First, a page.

Bank of Ireland yesterday stepped up its pursuit of larger rival Abbey National by promising to publish more details in the next few days of its offer, in the hope of convincing Abbey's shareholders to take its approach more seriously.
Bank of Ireland made the move after Abbey published a statement saying its board had met on Monday and "unanimously concluded" that its suitor's initial approach on 19 September was not attractive.
Abbey added: "The most effective means of restoring value will be to achieve the operating and structural changes targeted in the interim statement."
Abbey's future has been the subject of intense speculation after news of Bank of Ireland's offer leaked. Abbey is also being pursued by National Australia Bank, which held talks with Britain's sixth-biggest bank in the Summer.
The talks broke off because Abbey's shareholders were against NAB's proposal of a dual listing for the enlarged bank, but it is understood to have made a fresh approach in the last two weeks.
Abbey is unenthusiastic about the NAB offer as well, because the Australian bank does not have sufficient resources to pay in cash the kind of premium its shareholders want.
Analysts have estimated possible synergies from a deal between Abbey and Bank of Ireland at £100m to £250m a year. A deal with NAB, which owns Yorkshire and Clydesdale banks in the UK, would not yield any more savings, analysts said.
Bank of Ireland said it was "surprised" Abbey had rejected its advances. It has had no further meeting to discuss its plans since its initial approach, which took the form of a summit between Lord Burns, the chairman of Abbey, and Laurence Crowley, the governor of the Bank of Ireland.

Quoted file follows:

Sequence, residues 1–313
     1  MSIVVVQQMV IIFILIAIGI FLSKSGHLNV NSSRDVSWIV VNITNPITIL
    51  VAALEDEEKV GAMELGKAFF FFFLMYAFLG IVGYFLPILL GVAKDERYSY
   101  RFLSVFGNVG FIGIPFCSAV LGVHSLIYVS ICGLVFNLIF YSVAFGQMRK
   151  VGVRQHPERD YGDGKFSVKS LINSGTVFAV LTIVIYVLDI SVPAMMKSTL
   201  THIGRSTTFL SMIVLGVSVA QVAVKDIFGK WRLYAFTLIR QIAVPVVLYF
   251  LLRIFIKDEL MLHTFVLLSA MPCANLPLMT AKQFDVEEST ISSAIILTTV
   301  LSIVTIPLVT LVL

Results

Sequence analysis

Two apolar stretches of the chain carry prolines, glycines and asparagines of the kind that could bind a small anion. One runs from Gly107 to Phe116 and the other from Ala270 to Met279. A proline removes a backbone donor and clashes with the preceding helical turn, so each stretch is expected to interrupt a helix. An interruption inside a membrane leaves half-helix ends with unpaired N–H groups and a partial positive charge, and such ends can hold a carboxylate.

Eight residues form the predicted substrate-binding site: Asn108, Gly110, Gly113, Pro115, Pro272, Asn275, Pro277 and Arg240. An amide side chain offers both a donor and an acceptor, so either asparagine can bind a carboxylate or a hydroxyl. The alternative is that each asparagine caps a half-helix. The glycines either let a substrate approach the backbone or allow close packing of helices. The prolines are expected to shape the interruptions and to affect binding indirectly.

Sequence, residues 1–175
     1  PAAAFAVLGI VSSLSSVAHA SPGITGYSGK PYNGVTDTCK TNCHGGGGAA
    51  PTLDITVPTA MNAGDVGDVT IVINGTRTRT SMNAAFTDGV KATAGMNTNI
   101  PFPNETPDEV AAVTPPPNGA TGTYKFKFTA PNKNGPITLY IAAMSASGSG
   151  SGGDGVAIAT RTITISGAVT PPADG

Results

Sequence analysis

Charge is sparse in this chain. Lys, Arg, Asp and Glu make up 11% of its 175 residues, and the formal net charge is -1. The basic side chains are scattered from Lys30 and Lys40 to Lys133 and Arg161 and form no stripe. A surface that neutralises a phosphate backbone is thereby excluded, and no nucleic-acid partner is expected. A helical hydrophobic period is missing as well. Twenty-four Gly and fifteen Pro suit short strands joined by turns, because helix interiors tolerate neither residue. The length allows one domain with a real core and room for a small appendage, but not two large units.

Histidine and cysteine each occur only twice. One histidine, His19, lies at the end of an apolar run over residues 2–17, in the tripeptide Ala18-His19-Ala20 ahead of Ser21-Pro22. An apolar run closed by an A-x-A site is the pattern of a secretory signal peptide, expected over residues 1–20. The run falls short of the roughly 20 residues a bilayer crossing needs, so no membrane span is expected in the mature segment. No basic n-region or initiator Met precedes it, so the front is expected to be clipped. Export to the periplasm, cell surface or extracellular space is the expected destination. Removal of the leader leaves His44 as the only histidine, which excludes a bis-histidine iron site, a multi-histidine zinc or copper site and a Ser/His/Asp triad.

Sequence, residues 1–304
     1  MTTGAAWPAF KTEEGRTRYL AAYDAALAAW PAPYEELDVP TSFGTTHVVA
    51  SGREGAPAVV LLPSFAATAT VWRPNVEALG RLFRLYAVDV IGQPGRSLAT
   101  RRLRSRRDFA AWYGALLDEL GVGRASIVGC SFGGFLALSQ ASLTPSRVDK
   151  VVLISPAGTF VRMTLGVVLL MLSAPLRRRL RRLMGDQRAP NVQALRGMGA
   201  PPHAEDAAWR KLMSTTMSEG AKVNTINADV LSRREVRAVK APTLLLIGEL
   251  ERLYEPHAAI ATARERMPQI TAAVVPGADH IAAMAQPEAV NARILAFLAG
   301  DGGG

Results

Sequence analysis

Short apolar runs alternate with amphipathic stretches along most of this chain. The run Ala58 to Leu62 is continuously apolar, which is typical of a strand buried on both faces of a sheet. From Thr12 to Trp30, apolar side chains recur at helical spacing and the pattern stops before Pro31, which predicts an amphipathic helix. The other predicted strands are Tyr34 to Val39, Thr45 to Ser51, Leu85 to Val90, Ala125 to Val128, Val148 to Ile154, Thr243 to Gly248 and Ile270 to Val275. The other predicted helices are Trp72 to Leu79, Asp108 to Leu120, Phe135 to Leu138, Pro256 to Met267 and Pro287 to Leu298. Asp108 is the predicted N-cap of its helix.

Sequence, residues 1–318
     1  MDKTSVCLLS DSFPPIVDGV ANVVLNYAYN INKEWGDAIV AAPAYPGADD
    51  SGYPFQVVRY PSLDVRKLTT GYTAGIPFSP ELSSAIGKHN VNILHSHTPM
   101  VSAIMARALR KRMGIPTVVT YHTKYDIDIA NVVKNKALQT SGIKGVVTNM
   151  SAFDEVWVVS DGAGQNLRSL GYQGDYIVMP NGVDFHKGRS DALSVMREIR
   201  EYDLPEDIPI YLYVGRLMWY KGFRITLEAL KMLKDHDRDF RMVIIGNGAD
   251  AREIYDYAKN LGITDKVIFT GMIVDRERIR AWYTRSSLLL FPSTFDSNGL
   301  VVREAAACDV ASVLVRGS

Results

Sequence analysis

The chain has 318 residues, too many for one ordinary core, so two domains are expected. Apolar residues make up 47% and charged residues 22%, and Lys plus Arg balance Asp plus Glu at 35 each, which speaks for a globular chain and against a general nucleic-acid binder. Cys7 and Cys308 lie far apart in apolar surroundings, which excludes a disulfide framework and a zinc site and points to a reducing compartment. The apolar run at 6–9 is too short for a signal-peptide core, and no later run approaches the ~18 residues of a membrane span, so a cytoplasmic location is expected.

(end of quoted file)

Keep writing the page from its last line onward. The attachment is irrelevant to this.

The Irish bank is preparing to make financial details public by the end of this week or early next week.
The offer is unlikely to be structured as a nil-premium merger, based on the lows Abbey's shares have sunk to in the last few weeks.
Its cause was not helped by the fact that the Banking Code Standards Board said the bank had breached a number of its rules, such as not allowing some customers to choose their own PIN numbers.
Bank of Ireland said it hasgiven evidence to Abbey's board that its shareholders would receive a "tangible and immediate financial benefit".
The Abbey camp believes the premium would not be enough. Abbey's institutional shareholders are also sceptical, but a number were yesterday letting it be known that they wanted to see more details of what Bank of Ireland could offer.
Abbey has been trying to find a new chief executive to replace Ian Harley, who stepped down in July. The bank is very close to completing the process. Lord Burns is thought to have conducted interviews yesterday. Favoured candidates include the bank's finance director, Stephen Hester.
Another candidate to emerge is Luqman Arnold, who was president of UBS's executive board until a management purge last December.
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